This section is a nice elaboration on the basic rules presented in the Player’s Guide. There is still a bit of advice I disagree with. When interrupting a Journey with a scripted “plot advancing” encounter, the section advises the Loremaster to roll some dice and act as if this was a random result that came up as part of the Journey’s normal progression.
I’m increasingly less happy with GM advice that tells you to ignore rules and deceive players. It hearkens back to a time when the GM role was at least partially adversarial, and games pretended to model real life with their rules, so dice rolls on table had to appear inviolate. If you are running the game, and you feel this encounter needs to happen now, run it. If the PCs think it’s on the table, fine. Tell them or don’t, but I’m not sure you need advice in a GM section to say to fake a die roll and act like it was all random.
Despite all of that, this is section does a good job of more fully explaining the Journeys rules and how and why they are structured the way they are.
Non-Player Characters and Audiences Expanded
When I first read the Audiences section of the Player’s Guide, I was a little disappointed, because the system felt like a standard version of a D&D “Influencing Attitudes” chart, with the addition of shifting the chart down by one row if the PCs blow their Cultures check.
This section goes a long way towards making the Audience rules feel a lot more like what I was expecting out of them. There are example NPCs given, and those NPCs have things they expect, and things they want, and depending on the approach the PCs take, they get bonuses or penalties to their final checks.
While I’m not normally a fan of lots of negatives and bonuses being tallied up on the same roll, when it comes to a social encounter, it makes a lot more sense than in combat. It also introduces the element of finding out more about the NPC to avoid what offends them, play up what they like, and offer the right gifts (if any).
NPCs have multiple items that might give a bonus or a penalty, and you can’t hit the same “note” more than once. For example, if the NPC values bravery, and one PC favors bold action, the final roll will get a +1, but if someone else also talks about facing down danger, they don’t get an additional bonus. If that next PC mentions that there may be treasure involved, however, and that’s something the NPC is interested in, that’s another +1.
In addition to these items that might grant bonuses or penalties to the check, several NPC types that the PCs may negotiate with are fully fleshed out with stat blocks. Since some of these include archetypes like Thug or Outlaw, this means they have some utility beyond just the Audience section of the rules.
Adversaries and Battle
This section is a treasure trove of rules widgets even if you aren’t running a Middle-earth based game. While there isn’t a huge range of creatures given (multiple variations of orcs, wolves, spiders, bats, vampires, werewolves, and trolls), the sections on scenery in combat and creature actions and abilities are amazing.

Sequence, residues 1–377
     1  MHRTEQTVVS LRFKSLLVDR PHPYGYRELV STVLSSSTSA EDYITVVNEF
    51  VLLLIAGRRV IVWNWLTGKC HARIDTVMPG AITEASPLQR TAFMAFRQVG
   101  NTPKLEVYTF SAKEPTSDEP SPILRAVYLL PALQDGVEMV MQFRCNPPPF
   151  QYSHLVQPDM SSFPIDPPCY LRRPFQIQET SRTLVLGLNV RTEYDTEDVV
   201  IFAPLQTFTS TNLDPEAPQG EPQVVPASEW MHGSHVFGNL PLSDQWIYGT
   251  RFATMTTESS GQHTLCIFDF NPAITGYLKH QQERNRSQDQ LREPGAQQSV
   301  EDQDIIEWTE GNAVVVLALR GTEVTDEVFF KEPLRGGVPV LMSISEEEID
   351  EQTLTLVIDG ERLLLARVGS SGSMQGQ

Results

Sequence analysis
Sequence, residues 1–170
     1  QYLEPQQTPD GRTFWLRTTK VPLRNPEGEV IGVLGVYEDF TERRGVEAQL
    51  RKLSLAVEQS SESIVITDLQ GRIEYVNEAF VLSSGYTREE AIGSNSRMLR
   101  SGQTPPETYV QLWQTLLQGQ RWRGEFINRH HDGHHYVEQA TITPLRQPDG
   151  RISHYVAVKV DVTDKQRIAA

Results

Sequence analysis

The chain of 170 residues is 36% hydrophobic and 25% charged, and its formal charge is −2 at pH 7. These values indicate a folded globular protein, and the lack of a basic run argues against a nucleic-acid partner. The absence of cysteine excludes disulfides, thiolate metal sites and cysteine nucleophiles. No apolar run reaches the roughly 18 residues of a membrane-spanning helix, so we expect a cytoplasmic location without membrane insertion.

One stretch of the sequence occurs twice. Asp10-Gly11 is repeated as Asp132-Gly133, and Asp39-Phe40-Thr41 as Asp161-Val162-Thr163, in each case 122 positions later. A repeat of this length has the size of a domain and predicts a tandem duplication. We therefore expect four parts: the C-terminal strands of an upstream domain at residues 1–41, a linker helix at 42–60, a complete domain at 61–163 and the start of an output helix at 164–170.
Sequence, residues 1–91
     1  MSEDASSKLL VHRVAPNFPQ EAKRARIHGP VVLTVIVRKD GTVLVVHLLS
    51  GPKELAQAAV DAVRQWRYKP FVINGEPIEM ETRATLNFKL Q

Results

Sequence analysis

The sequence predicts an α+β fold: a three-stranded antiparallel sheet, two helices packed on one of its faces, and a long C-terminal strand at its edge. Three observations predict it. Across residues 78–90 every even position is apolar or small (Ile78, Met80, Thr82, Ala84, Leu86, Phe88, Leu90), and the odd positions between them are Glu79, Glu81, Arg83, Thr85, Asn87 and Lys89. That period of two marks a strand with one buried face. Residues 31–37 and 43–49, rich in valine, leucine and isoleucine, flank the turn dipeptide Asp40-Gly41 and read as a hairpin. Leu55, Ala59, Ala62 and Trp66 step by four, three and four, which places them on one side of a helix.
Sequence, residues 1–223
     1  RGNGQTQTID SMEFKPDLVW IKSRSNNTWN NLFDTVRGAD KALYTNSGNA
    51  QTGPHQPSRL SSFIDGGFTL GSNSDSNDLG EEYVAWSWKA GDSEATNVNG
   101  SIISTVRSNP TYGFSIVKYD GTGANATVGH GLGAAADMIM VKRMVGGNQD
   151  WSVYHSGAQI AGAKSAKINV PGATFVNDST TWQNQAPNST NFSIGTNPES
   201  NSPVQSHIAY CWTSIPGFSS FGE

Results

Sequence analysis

Essentially scenery in combat involves creating “templates” for different battle scenes. For example, if there are lots of twisted roots, it may not count as difficult terrain, but it may cause you to make a dex check to avoid sprawling on the ground if you move more than 10 feet in a round. You may cause spores to shoot out of mushrooms you disturbed that could impair you, or you might gain levels of fatigue from fighting in certain terrain after a few rounds of combat.
Creature actions and abilities are similar to monster templates. A monster might be larger than normal for its kind, and a creature that doesn’t normally have a bite attack might have one because of its individual oddities. Some traits are general for all potential adversaries, and others are particulars that can be added by type, with a few special actions reserved only for orcs and goblins, and others for trolls, still more for spiders, and some for wolves.
This section wisely advises you to avoid more than a few extra elements in a scene that have rules elements attached to them, and to avoid adding too many extra abilities to a monster. They also mention that you can have extra abilities “shut off” under certain conditions, such as once a creature takes damage, or once they no longer outnumber their opponents.
While I know this RPG and The One Ring are firmly focused on recreating the feel of the books, I couldn’t help but notice that you can very easily create unique orc captains and chiefs not unlike Shadow of Mordor using these rules. They even mention that if an orc escapes the party, it might come back later with one of these abilities added to their stat block.
Wondrous, Legendary, and Healing Items
This chapter has an odd opening. I realize that zooming out and thinking about it, it is addressing that in some forms of d20 level based fantasy gaming, you can get gold and use that to buy magic items. But without directly addressing that, jumping into the opening topic is a little strange.
That opening topic is kind of a mixed message. While it’s appropriate to have characters that are motivated to be treasure hunters, wanting gold is something you are to teach the players is wrong, because Thorin and Smaug. I guess.